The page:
With clean energy as a centerpiece for both the U.S. and India climate targets, programs to scale-up clean energy finance are vital. Prime Minister Modi and President Obama announced two major programs on clean energy. Focused on unleashing international and domestic financing, the counties are creating a $20 million U.S.-India Clean Energy Finance initiative to “mobilize up to $400 million to provide clean and renewable electricity to up to 1 million households by 2020." The program includes establishing a U.S.-India Clean Energy Hub to coordinate government efforts and drive investment. In order to increase access to clean energy, the governments will also create a $40 million U.S.-India Catalytic Solar Finance Program to provide off-grid renewable energy for villages that are not connected to the grid, which “could mobilize up to $1 billion of projects." Both programs are jointly funded by the U.S. and India.
The U.S. also reaffirmed India's ambitious national goals to install 175 gigawatts (GW) of renewable energy, including 100 GW from solar energy by 2022. As part of the partnership, the U.S. also supports efforts of the International Solar Alliance, launched by Prime Minister Modi during the Paris meetings and research and development under Mission Innovation, as my colleague Sameer Kwatra explained.
While the U.S.-India Summit made significant progress on climate change, one promise from Paris that needs much more action is climate resilience—especially programs on preparedness and air pollution. Strong on-the-ground resilience programs are critical to implementing the Paris agreement. Attention to mitigation efforts far outweighs resilience efforts in both international and bilateral programs. As the impacts of global warming bear down on communities around the globe—from deadly heat waves in Gujarat to devastating droughts in California—climate resilience needs much more focus.
President Obama and Prime Minister Modi's joint actions show commitment following the Paris agreement that puts both countries on a path to a more sustainable future that supports economic growth and improves the lives of millions. Over the past few years, both countries have taken sincere action to build momentum and goodwill on climate action. Solidifying the leadership roles of the U.S. and India is essential to combatting climate change and encouraging a stronger global response, with benefits not only for our two countries, but also for the world.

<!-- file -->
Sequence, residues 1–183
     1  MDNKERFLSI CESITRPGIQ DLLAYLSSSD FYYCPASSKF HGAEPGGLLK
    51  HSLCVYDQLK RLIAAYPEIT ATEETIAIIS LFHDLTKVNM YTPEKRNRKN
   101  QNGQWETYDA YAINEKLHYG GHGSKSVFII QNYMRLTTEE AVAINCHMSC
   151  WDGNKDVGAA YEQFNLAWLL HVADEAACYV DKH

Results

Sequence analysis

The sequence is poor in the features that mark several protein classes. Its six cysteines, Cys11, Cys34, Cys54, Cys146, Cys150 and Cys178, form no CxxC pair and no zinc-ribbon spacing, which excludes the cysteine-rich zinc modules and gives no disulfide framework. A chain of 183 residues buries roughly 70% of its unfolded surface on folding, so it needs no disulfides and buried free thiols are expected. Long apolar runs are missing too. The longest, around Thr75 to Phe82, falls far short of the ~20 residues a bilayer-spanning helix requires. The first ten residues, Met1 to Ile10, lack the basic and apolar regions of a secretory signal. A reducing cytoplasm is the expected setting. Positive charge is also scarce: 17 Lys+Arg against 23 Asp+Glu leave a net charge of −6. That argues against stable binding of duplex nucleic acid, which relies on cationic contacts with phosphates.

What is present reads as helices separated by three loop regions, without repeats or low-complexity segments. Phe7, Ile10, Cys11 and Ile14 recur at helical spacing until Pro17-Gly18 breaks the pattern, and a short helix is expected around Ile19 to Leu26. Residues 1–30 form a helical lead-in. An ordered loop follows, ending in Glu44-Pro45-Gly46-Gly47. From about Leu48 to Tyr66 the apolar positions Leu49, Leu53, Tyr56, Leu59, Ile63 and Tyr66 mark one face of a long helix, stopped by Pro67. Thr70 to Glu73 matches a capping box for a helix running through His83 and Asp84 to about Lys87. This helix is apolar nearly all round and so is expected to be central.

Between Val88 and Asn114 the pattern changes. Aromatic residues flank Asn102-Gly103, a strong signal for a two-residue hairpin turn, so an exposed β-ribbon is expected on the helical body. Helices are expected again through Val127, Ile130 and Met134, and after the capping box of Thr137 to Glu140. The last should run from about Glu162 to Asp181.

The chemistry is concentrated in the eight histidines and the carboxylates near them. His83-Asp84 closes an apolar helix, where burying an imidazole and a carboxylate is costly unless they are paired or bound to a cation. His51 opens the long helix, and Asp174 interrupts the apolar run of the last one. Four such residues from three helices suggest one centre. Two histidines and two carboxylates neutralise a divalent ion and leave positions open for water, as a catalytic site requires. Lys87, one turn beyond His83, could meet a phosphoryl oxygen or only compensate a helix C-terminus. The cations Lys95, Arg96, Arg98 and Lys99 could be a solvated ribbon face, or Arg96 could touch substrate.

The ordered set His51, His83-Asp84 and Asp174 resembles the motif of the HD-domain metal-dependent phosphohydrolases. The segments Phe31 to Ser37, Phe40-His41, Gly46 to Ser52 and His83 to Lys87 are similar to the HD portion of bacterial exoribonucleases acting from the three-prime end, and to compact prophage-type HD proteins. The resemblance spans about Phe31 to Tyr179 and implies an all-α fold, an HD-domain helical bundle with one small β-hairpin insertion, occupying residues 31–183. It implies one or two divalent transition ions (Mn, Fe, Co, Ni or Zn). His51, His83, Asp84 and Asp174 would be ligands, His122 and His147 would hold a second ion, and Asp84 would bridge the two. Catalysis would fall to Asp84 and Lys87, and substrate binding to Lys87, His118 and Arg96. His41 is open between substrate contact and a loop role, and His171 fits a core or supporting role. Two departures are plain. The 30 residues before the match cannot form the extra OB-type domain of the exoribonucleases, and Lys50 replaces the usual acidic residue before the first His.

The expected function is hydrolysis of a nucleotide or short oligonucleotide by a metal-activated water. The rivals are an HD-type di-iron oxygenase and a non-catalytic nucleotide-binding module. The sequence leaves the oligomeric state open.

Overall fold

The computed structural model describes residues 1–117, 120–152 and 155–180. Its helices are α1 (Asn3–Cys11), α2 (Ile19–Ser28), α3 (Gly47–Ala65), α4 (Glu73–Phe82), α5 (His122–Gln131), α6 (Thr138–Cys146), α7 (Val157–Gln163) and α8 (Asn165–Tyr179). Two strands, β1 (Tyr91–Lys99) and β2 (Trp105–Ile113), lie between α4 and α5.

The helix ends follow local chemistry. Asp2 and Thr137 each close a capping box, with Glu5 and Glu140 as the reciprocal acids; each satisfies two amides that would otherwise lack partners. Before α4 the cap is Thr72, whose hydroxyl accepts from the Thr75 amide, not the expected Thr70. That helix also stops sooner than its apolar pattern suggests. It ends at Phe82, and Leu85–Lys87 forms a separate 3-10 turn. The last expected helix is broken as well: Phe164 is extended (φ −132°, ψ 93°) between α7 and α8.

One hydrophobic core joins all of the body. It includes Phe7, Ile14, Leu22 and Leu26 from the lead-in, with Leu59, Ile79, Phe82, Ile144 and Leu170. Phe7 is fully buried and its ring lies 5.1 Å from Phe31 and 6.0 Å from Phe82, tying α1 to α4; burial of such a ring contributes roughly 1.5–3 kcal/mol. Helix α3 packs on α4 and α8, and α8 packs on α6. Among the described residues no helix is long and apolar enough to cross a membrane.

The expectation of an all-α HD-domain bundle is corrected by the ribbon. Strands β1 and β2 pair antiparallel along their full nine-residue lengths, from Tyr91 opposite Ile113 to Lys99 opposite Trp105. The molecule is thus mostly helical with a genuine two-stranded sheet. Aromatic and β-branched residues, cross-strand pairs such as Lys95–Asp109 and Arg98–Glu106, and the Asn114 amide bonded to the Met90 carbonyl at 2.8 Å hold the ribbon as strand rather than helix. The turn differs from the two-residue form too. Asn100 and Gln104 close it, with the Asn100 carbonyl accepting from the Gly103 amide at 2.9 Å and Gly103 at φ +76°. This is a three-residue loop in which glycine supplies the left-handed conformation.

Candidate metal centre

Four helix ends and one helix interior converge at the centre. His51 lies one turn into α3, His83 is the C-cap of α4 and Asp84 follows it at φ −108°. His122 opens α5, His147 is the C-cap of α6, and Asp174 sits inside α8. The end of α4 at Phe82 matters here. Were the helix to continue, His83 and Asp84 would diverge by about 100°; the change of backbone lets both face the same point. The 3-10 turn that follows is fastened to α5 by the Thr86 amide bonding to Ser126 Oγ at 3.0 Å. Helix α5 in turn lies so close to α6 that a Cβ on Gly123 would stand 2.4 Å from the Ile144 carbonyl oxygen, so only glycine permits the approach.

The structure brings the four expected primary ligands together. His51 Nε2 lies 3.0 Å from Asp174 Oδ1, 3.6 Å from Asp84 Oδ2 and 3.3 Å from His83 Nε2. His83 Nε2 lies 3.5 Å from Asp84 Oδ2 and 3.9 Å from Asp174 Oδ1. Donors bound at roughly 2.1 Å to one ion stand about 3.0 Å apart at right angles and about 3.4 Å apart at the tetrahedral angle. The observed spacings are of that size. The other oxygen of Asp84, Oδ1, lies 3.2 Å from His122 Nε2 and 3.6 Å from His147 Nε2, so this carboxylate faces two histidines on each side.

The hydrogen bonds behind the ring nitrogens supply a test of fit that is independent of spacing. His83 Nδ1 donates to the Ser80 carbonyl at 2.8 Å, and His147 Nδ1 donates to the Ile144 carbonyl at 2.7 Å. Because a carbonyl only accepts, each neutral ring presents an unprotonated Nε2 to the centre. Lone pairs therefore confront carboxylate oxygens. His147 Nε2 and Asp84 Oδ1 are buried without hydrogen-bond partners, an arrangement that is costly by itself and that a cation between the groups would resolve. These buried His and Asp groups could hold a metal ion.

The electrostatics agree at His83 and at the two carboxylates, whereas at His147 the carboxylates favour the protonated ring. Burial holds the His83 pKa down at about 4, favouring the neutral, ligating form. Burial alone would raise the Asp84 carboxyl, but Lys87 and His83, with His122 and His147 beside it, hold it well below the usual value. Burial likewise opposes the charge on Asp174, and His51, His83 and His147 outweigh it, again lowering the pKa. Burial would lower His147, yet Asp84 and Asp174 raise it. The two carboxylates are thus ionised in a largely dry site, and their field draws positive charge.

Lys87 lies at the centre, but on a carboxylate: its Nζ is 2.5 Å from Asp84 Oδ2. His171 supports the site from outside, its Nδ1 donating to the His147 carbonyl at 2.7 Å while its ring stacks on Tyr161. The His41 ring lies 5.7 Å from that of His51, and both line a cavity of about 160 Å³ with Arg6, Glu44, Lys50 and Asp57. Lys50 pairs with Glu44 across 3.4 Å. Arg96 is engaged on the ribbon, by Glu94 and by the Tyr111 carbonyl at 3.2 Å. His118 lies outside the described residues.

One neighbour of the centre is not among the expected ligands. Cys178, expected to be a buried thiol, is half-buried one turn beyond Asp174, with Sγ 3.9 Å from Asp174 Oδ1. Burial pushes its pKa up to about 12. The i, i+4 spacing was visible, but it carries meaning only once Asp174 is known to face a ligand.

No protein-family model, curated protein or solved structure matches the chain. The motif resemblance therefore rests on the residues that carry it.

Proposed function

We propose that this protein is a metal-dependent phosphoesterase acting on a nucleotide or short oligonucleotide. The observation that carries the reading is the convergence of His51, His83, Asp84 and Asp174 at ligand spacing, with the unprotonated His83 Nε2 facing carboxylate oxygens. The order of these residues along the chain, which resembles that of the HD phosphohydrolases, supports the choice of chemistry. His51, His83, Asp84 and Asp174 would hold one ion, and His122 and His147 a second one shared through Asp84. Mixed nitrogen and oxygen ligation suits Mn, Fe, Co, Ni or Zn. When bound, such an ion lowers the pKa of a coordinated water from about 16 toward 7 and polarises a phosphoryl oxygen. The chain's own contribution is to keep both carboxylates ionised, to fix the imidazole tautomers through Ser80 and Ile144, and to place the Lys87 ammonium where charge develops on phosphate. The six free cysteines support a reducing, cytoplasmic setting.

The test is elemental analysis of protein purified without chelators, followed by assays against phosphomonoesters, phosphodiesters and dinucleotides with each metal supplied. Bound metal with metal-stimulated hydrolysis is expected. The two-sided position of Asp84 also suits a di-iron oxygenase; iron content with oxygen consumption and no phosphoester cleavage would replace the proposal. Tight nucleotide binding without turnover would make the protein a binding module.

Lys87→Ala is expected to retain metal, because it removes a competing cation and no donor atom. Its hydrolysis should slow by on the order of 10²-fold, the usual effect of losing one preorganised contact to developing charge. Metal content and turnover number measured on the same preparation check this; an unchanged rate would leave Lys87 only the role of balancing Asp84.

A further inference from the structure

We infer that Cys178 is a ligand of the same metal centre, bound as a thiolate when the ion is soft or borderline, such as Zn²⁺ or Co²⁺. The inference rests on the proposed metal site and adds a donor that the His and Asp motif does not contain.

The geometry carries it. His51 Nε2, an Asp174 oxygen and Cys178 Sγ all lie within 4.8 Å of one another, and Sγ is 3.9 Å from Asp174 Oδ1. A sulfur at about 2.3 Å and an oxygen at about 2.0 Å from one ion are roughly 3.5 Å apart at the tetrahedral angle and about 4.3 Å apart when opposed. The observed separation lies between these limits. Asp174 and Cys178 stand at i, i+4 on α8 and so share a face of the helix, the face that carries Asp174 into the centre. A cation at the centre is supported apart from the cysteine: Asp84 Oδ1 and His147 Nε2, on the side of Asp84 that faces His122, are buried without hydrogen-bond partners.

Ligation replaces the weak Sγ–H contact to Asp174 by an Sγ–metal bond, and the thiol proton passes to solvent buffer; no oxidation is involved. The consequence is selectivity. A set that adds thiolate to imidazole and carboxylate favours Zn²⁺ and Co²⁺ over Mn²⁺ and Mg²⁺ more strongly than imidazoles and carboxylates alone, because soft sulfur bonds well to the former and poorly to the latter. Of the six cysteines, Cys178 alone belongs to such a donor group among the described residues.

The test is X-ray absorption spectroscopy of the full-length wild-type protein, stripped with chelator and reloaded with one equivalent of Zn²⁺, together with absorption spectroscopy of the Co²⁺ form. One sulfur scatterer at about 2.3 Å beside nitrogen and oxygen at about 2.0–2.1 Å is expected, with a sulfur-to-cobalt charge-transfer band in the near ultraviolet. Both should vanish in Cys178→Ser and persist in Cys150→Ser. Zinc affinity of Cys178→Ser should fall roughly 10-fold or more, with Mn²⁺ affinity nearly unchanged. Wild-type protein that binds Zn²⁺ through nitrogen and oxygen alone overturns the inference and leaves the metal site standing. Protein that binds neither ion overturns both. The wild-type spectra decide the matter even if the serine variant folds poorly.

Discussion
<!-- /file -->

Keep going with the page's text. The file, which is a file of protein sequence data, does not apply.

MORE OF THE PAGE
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EcoWatch Daily Newsletter
By Dolf Gielen and Morgan Bazilian
John Kerry helped bring the world into the Paris climate agreement and expanded America's reputation as a climate leader. That reputation is now in tatters, and President-elect Joe Biden is asking Kerry to rebuild it again – this time as U.S. climate envoy.
Energy Is at the Center of the Climate Challenge<p>The <a href="https://science2017.globalchange.gov/chapter/1/" target="_blank">effects of climate change</a> are already evident across the globe, from <a href="https://theconversation.com/100-degrees-in-siberia-5-ways-the-extreme-arctic-heat-wave-follows-a-disturbing-pattern-141442" target="_blank">extreme heat waves</a> to <a href="https://science2017.globalchange.gov/chapter/12/" target="_blank">sea level rise</a>. But while the challenge is daunting, there is hope. Solar and wind power have become the <a href="https://www.irena.org/publications/2020/Jun/Renewable-Power-Costs-in-2019" target="_blank">cheapest forms of power generation globally</a>, and technology progress and innovation continue apace to support a transition to clean energy.</p><p>In the U.S. under a Biden administration, long-term national climate legislation will depend on who controls the Senate, and that won't be clear until after two run-off elections in Georgia in January.</p><p>But there is no shortage of <a href="https://www.bloomberg.com/features/2020-biden-climate-change-advice/" target="_blank">ideas for ways Biden</a> could still take action even if his proposals are blocked in Congress. For example, he could use executive orders and direct government agencies to tighten regulations on greenhouse gas emissions; increase research and development in clean energy technologies; and empower states to exceed national standards, <a href="https://www.reuters.com/article/us-autos-emissions-california/defying-trump-california-locks-in-vehicle-emission-deals-with-major-automakers-idUSKCN25D2CH" target="_blank" rel="noopener noreferrer">as California did in the past with auto emission standards</a>. A focus on a just and equitable transition for communities and people affected by the decline of fossil fuels will also be key to creating a sustainable transition.</p><p>The U.S. position as the world's largest oil and gas producer and consumer creates political challenges for any administration. U.S. forays into European energy security are often treated with suspicion. Recently, France blocked <a href="https://www.wsj.com/articles/frances-engie-backs-out-of-u-s-lng-deal-11604435609" target="_blank">a multi-billion dollar contract</a> to buy U.S. liquefied natural gas because of concerns about limited emissions regulations in Texas.</p><p>Strengthening cooperation and partnerships with like-minded countries will be critical to bring about a transition to cleaner energy as well as sustainability in agriculture, forestry, water and other sectors of the global economy.</p>